Igor Davydenko is rail-thin with dark circles under his eyes. He has a haunted look, reinforced by black prison overalls with reflective tape on the shoulders and cuffs.
Davydenko could be labeled as a loser in many ways. The 31-year-old is a drug addict, serving time for robbery and assault. He's serving his third stretch in a Siberian prison.
But Davydenko is about to become a winner in at least one way. If all goes well, he will soon be declared cured of one of the deadliest forms of tuberculosis.
In the last decade, Russia has found itself contending with new strains of TB that are resistant to many drugs and hard to cure. For years, prisons were considered to be one of the most dangerous pockets of drug-resistant TB in Russia and a source of the disease in the general community. In 2002, more than 79,000 inmates had active TB infections, and drug-resistant forms were present in about 50 percent of chronic cases.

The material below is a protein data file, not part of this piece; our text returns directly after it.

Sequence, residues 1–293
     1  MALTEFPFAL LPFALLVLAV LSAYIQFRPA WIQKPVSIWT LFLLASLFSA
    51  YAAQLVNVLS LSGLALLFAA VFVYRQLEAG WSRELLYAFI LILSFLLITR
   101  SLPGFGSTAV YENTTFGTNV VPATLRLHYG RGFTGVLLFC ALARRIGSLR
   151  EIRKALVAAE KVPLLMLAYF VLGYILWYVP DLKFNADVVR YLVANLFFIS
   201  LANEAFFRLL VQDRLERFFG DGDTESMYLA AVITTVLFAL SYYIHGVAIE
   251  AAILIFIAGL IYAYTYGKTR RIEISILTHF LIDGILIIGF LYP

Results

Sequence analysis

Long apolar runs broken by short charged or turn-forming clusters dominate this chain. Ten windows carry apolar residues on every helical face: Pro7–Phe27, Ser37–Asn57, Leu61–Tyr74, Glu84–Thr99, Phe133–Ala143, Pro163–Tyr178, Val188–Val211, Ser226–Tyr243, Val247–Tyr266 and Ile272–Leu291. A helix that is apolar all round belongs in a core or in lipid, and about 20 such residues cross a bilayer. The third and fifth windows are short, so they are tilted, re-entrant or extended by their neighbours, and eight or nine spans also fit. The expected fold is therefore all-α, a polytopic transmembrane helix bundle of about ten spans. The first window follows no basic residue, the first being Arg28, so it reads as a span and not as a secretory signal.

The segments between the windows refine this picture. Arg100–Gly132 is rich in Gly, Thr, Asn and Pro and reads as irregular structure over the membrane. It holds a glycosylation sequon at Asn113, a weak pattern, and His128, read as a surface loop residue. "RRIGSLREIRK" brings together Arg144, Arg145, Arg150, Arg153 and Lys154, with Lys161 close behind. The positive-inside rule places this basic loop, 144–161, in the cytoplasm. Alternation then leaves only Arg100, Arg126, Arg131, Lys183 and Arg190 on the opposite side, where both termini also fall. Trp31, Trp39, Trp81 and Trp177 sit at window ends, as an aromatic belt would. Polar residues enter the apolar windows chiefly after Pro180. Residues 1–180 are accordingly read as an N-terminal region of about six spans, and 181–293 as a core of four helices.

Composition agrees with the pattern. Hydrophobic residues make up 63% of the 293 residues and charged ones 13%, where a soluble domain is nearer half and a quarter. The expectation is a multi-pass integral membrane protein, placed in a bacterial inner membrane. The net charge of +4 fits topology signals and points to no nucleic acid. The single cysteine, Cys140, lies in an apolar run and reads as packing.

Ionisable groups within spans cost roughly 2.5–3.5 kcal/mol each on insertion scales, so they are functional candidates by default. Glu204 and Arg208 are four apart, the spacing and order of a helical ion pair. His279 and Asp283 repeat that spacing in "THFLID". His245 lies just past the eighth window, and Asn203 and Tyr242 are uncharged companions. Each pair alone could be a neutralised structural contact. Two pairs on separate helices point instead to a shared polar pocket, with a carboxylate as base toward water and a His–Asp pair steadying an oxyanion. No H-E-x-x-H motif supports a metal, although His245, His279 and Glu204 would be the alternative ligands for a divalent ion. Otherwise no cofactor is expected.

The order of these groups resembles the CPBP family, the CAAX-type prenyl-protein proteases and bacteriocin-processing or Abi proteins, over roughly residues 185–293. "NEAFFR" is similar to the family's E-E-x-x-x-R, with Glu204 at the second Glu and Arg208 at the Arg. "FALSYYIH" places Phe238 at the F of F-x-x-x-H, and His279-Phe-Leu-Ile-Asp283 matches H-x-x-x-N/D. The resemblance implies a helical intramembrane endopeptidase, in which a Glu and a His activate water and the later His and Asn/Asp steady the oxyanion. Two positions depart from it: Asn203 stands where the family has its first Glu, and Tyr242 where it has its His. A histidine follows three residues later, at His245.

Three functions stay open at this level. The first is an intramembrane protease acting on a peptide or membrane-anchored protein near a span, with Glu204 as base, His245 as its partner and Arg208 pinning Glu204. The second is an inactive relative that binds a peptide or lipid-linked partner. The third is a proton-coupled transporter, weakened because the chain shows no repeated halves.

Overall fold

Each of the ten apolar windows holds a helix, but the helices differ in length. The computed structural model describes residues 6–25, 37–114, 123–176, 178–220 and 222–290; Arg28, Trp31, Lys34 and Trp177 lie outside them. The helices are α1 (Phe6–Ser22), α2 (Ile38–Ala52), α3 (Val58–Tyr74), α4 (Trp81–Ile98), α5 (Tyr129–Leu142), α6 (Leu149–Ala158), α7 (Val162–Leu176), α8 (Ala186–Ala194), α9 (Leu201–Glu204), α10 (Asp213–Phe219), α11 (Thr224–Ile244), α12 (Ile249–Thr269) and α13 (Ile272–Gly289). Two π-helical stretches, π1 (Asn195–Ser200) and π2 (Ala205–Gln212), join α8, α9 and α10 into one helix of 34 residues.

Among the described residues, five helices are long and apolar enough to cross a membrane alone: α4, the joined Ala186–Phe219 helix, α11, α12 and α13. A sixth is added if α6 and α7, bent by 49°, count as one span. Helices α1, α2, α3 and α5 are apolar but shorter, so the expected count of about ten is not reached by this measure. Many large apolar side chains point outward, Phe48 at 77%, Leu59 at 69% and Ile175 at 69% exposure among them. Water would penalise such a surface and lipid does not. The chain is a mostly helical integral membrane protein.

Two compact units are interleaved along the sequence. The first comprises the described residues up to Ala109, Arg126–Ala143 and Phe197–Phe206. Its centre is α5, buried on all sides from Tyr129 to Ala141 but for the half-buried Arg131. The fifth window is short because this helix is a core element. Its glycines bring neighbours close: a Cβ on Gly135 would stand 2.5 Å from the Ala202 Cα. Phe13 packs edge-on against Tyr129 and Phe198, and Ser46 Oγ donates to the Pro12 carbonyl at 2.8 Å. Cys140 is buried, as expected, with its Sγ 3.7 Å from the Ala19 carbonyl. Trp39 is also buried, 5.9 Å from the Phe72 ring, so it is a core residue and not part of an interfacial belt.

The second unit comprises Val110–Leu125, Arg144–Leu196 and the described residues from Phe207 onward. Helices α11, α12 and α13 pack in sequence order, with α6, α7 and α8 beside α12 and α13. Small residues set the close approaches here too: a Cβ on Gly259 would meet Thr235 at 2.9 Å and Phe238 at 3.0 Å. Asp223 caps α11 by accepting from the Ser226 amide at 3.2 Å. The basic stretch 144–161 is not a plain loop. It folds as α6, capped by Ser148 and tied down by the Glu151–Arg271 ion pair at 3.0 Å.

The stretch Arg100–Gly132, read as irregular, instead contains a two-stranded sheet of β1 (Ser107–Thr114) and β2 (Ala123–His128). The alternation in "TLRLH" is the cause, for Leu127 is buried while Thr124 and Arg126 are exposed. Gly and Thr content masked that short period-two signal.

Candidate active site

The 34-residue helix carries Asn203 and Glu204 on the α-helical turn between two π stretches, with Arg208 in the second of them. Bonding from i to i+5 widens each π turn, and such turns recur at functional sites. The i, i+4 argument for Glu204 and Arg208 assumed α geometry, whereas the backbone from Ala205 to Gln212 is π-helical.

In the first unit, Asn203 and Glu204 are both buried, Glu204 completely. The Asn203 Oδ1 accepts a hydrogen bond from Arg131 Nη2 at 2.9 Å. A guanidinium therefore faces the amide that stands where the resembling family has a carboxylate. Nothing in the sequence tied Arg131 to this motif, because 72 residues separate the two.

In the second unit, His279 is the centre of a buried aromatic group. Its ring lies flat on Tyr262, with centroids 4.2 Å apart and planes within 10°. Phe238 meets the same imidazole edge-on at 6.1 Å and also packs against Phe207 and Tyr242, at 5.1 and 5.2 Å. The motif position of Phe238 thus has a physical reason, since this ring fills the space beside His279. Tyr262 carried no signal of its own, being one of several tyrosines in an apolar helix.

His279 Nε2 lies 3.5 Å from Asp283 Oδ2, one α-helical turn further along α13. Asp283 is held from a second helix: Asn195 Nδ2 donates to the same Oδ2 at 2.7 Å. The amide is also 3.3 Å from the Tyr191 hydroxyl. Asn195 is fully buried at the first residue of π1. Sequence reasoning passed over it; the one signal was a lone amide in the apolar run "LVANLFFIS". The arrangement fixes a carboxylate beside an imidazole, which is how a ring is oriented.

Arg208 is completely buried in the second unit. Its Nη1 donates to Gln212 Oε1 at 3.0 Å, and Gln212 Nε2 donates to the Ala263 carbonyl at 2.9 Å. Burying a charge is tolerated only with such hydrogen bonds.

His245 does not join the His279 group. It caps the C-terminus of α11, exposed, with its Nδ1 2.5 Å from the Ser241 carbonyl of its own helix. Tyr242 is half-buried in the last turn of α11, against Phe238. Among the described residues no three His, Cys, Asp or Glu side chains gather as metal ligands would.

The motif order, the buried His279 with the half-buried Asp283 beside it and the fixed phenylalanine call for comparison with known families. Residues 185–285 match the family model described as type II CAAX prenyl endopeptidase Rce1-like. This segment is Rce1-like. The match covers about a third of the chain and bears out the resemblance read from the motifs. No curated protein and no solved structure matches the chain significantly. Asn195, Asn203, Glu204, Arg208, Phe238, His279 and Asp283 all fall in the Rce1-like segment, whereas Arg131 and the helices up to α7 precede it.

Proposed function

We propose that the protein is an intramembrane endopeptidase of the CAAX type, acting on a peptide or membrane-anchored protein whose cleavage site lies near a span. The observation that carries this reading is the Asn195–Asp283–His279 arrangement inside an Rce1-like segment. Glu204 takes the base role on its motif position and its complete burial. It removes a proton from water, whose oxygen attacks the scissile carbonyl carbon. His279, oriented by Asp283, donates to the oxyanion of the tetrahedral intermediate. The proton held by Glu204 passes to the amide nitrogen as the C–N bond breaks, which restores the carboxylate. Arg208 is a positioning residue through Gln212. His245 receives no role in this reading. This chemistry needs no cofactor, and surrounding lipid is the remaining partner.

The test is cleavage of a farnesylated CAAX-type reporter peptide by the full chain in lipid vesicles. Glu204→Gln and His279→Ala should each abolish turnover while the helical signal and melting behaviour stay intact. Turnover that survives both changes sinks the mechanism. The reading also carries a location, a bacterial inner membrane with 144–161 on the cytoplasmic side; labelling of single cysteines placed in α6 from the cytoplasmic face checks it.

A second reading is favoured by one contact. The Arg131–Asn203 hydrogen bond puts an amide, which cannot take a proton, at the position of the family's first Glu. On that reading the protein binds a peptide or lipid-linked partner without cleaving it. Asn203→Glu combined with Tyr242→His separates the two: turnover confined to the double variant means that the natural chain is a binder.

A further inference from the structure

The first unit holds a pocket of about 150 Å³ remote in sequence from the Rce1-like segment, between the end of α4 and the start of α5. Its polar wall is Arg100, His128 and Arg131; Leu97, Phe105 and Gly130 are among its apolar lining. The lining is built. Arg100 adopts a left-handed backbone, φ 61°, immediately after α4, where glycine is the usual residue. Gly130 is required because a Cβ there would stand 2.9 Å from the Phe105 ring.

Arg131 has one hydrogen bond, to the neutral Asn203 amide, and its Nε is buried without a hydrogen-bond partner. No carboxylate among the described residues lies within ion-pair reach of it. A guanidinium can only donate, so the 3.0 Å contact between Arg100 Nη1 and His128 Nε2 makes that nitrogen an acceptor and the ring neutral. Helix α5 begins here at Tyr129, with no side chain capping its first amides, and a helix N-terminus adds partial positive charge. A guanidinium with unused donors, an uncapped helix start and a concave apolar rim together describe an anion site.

But the Russian prison system has been working to change that. About a decade ago, it got together with the nonprofit Partners in Health and set up a clinic at a Siberian prison specifically aimed at treating tuberculosis among inmates.
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